Valazquez’s “Las Meninas”

25 Feb

Velazquez's "Las Meninas"


Las Meninas (meaning The Maids of Honour in English) is an oil painting that was done by Diego Valazquez. In 1656, it was created in the Museo del Prado in Madrid, Spain. Diego Velazquez was the leading artist of the Spanish Golden Age.

Close up on mirror

 The painting shows a large room in the Madrid palace of King Philip IV of Spain. There are several characters in the painting. Some seem to be looking out of the canvas and towards the viewer, while other characters are interacting with each other. In the center of the painting is Infanta Margarita (aughter of King Philip IV of Spain). She is surrounded by her bodyguard, her maids of honor, her chaperone, two dwarfs and a dog. On the left side of the painting Valazquez portrayed himself working on a very large canvas.

Ruben's "Minerve Punishing Arachne"

In the background there is a mirror on wall with a mirror on it that shows the upper half of the bodies of the king and queen. It is as if we are seeing the scene as the king and queen would be seeing it. It has been thought that the large canvas that Valazquez is paint on in Las Meninas is a portrait of the king and queen, and the image he is painting is what is reflected into mirror.

Ruben's "Apollo’s Victory over Marsyas"

The two portraits on the back wall are thought to be oil sketches by Peter Paul Rubens: Minerve Punishing Arachne (left) and Apollo’s Victory over Marsyas (right). I found this work appealing because I enjoy how royalty dressed and lived during this time period. I find it to be incredibly beautiful and interesting. The thought and detail that went into the painting is incredible.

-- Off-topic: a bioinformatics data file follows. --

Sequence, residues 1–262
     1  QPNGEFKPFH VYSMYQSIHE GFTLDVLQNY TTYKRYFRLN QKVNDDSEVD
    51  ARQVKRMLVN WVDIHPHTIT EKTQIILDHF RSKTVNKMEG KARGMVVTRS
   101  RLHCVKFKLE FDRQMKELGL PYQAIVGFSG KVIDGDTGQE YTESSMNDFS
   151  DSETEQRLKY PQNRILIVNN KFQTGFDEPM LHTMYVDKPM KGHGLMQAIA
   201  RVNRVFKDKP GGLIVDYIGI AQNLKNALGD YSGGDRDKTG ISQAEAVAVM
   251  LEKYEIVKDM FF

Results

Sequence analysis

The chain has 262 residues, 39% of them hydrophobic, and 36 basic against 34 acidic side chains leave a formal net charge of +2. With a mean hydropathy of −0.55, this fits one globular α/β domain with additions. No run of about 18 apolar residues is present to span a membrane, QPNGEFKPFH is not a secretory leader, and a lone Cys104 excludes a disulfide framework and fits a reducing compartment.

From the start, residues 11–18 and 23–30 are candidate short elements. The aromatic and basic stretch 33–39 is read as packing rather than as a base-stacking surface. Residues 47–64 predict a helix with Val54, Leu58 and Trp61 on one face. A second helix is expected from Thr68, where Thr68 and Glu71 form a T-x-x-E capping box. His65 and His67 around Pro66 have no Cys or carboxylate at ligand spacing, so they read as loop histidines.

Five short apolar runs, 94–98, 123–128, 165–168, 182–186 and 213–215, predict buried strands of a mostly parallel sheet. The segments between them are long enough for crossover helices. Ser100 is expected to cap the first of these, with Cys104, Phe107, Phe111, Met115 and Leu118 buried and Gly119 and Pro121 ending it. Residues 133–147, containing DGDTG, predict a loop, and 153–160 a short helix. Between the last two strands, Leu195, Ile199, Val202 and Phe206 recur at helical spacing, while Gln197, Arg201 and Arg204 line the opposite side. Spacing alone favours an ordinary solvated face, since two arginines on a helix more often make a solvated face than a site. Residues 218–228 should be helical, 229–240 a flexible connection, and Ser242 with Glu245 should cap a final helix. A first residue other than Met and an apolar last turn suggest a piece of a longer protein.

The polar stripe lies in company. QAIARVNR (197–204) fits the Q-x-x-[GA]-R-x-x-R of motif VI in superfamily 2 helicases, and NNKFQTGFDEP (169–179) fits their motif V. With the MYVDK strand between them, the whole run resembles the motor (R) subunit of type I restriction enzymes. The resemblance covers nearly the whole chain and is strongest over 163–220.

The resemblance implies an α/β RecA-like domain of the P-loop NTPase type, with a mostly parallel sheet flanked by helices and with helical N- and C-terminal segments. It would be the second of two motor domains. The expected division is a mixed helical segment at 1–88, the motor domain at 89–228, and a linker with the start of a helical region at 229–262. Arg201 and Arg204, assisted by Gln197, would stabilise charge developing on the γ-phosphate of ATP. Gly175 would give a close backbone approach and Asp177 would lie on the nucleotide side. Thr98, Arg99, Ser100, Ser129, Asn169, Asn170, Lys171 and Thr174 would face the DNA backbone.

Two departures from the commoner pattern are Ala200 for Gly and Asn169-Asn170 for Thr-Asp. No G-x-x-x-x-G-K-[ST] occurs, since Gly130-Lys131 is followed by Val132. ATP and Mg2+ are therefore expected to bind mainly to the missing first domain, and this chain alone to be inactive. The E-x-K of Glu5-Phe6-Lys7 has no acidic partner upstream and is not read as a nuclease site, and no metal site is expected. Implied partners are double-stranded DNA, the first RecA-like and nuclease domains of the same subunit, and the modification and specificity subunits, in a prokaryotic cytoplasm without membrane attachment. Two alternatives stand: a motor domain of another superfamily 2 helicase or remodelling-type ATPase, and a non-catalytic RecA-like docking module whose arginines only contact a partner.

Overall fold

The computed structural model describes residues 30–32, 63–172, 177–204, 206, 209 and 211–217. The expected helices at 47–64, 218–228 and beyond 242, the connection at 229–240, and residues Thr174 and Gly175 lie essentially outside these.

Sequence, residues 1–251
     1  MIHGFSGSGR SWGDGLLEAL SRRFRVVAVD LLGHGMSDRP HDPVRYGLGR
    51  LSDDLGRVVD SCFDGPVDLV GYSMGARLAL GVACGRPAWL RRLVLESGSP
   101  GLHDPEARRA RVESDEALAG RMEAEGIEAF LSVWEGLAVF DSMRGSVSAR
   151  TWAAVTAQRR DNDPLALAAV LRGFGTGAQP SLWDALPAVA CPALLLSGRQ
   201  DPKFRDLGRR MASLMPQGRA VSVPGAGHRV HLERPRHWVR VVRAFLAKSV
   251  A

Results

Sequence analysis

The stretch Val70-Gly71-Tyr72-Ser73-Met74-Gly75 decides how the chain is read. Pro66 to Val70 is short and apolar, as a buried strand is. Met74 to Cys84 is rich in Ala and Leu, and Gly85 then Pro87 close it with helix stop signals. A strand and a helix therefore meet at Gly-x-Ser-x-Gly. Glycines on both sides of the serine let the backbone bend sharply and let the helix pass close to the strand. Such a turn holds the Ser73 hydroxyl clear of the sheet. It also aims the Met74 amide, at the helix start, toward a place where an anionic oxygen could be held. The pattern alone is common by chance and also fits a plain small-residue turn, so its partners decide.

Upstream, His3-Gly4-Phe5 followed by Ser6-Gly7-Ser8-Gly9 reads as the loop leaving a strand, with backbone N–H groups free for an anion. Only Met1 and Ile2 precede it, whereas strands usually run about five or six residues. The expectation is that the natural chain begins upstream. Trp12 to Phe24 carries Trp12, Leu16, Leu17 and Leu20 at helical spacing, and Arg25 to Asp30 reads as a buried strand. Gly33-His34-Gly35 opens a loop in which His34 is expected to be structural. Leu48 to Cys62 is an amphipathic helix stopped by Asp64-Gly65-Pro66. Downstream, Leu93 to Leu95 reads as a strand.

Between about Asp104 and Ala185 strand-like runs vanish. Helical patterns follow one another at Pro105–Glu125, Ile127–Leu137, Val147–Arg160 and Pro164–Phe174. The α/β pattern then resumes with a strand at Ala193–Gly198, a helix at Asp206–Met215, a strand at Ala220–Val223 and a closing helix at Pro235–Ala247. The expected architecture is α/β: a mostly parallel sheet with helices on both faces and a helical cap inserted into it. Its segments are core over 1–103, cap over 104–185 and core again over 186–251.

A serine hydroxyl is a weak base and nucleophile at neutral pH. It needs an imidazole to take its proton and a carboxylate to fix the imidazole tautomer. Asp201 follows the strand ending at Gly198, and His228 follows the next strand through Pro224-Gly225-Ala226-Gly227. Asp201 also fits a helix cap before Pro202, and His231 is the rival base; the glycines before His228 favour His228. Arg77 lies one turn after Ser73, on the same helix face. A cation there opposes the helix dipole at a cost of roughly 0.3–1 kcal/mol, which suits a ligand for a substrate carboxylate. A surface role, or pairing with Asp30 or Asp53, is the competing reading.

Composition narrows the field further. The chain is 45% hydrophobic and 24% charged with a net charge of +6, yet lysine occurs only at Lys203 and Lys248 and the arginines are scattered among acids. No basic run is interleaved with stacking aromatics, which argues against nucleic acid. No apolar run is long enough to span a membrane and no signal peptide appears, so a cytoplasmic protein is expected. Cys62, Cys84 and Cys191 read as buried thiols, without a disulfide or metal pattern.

Work Cited

Rubens, Peter “Apollo’s Victory over Marsyas.” Home Page. Web. 25 Feb. 2011.

Rubens, Peter “Minerve Punishing Arachne.” Home Page. Web. 25 Feb. 2011.

Velazquez, Diego. Las Meninas. 1656. Museo Del Prado, Madrid. Monster Geek in London., 4 Dec. 2010. Web. 25 Feb. 2011.

“Velázquez’s Las Meninas.” Home Page. Web. 25 Feb. 2011.


2 Responses to “Valazquez’s “Las Meninas””

  1. Julia February 28, 2011 at 5:28 pm #

    I also chose “Las Meninas” as my blog post! I love his idea of turning the picture around and painting what the subjects are seeing as they sit for hours on end for a portrait. It is amazing the kind of detail he put into a painting that is not from his point of view as the painter. How he himself is present in the frame.

    I didn’t know about the back two paintings. Did they have a significance to the painting as a whole?

    In your post are you making the connection of how royalty effected his painting? How he was never in short supply of work being the court painter for King Philip IV? Other than that you stated everything else.

  2. tboandfriends March 1, 2011 at 2:57 pm #

    I agree with the other comment that you’ve got everything covered, except that the connection to the royalty is left unexplained. The only other thing I would like explained is why the royal family had dwarves serving them. Is there some story behind their presence?

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